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Trop Med Infect Dis. 2019 Jun 17;4(2). pii: E94. doi: 10.3390/tropicalmed4020094.

The Financial Burden of Tuberculosis for Patients in the Western-Pacific Region.

Author information

1
Centre for TB Research, Department of Public Health Sciences, Karolinska Institutet, 17177 Stockholm, Sweden. kerri.viney@ki.se.
2
Research School of Population Health, Australian National University, Canberra 2600, Australia. kerri.viney@ki.se.
3
End TB and Leprosy Unit, World Health Organization Regional Office for the Western Pacific, 1000 Manila, Philippines. islamt@who.int.
4
Vietnam National TB Programme, Ministry of Health, Hanoi 124302, Vietnam. nguyenbinhhoatb@yahoo.com.
5
Centre for Operational Research, International Union Against Tuberculosis and Lung Disease, 75006 Paris, France. nguyenbinhhoatb@yahoo.com.
6
End TB and Leprosy Unit, World Health Organization Regional Office for the Western Pacific, 1000 Manila, Philippines. morishitaf@who.int.
7
Centre for TB Research, Department of Public Health Sciences, Karolinska Institutet, 17177 Stockholm, Sweden. knut.lonnroth@ki.se.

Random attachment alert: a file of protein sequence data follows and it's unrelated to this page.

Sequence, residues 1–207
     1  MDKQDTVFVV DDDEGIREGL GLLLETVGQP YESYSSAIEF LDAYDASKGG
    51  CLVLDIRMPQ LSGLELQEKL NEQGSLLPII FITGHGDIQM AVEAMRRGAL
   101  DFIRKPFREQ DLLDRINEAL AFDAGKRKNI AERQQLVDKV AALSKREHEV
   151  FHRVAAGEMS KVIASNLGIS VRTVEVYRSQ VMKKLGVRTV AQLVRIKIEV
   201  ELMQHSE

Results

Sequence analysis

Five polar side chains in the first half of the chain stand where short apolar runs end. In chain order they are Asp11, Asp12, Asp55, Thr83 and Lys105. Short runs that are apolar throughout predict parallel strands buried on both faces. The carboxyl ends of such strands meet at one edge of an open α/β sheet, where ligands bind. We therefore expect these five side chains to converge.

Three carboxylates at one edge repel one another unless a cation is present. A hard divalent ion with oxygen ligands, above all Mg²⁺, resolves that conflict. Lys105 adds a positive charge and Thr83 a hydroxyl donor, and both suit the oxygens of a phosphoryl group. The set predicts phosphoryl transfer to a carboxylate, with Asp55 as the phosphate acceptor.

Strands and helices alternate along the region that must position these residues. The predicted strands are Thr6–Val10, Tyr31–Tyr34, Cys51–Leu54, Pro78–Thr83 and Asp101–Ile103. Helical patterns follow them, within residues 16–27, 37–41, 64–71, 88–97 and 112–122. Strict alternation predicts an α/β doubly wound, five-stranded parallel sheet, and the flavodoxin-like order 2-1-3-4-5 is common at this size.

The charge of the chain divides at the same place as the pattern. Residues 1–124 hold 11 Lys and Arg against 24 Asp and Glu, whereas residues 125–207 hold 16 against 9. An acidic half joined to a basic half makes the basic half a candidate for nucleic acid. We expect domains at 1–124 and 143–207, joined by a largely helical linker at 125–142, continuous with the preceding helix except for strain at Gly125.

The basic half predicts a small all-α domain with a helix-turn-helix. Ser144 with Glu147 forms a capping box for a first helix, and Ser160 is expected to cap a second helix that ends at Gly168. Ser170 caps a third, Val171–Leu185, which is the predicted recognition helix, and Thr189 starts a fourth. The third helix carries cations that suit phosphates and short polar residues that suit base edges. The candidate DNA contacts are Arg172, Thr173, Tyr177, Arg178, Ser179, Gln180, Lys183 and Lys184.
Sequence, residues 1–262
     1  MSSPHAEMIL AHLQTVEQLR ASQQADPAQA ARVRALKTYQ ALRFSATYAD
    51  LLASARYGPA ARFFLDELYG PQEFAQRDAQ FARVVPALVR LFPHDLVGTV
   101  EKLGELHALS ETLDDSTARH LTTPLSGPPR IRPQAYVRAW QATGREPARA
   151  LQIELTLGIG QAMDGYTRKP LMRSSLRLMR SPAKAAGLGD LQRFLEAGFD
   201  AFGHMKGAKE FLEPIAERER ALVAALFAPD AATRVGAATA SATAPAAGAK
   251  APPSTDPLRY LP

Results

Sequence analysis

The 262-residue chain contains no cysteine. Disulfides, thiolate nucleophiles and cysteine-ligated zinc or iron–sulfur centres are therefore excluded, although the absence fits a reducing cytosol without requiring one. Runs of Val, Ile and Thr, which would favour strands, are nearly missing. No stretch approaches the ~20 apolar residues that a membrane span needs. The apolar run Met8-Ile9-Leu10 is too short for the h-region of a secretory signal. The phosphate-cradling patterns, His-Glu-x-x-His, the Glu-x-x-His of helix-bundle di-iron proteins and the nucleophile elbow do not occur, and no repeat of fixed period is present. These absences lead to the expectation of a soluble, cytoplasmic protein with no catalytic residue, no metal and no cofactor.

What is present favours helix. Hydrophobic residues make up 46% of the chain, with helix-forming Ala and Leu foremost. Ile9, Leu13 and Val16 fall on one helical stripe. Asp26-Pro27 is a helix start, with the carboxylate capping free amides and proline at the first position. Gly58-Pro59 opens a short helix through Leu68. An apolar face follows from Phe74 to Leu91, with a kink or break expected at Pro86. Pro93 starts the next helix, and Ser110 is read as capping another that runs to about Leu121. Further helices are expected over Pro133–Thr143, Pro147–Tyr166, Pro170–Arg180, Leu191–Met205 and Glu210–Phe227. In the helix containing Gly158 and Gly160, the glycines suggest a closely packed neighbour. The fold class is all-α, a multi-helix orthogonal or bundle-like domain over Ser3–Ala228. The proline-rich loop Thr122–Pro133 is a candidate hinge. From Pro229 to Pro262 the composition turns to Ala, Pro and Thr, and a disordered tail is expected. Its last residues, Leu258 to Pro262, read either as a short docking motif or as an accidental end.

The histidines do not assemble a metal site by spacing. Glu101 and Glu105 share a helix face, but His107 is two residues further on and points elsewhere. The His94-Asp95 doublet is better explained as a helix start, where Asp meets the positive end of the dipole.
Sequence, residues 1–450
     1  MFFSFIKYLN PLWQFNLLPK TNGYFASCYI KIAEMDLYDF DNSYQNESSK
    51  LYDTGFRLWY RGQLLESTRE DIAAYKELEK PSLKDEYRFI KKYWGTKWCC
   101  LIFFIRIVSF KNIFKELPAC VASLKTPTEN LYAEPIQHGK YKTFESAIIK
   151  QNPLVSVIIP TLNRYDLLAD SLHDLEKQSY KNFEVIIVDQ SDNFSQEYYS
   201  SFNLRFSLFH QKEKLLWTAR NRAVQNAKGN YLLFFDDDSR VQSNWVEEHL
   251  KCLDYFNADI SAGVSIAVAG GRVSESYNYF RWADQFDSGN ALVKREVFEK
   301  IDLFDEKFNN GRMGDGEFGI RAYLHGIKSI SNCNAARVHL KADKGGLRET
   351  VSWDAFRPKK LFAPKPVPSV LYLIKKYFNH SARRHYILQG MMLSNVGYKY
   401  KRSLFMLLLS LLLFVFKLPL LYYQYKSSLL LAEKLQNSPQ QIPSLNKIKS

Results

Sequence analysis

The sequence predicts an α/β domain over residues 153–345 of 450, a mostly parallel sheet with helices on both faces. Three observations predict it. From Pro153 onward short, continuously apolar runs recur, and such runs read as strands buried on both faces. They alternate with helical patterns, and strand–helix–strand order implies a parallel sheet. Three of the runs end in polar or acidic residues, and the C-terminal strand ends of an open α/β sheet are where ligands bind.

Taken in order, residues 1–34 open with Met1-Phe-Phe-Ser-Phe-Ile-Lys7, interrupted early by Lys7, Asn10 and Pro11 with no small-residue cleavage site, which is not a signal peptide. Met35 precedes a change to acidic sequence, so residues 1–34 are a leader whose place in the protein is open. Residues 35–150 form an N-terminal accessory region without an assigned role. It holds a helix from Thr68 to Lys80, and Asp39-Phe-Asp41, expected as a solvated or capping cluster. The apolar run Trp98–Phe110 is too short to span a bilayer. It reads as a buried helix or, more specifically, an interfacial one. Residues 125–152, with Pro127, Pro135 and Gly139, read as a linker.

Abstract

The End Tuberculosis (TB) Strategy has the ambitious goal of ending the global TB epidemic by the year 2030, which is aligned to the Sustainable Development Goals. One of three high level indicators of the Strategy is the "catastrophic costs" indicator, which aims to determine the proportion of TB-affected households that incur TB-care related costs equivalent to 20% or more of their annual household income. The target is that zero percentage of TB-affected households will incur catastrophic costs related to TB care by the year 2020. In the Western Pacific Region of the World Health Organization, it is a priority to determine the financial burden of TB and then act to mitigate it. To date, eight countries in the Region have conducted nationally representative TB patient cost surveys to determine the costs of TB care. The results from four countries that have completed these surveys (i.e., Fiji, Mongolia, the Philippines, and Vietnam) indicate that between 35% and 70% of TB patients face catastrophic costs related to their TB care. With these results in mind, significant additional efforts are needed to ensure financial risk protection for TB patients, expand Universal Health Coverage, and improve access to social protection interventions. A multi-sectoral approach is necessary to achieve this ambitious goal by the year 2020.

KEYWORDS:

Western Pacific Region; catastrophic costs; social protection; tuberculosis

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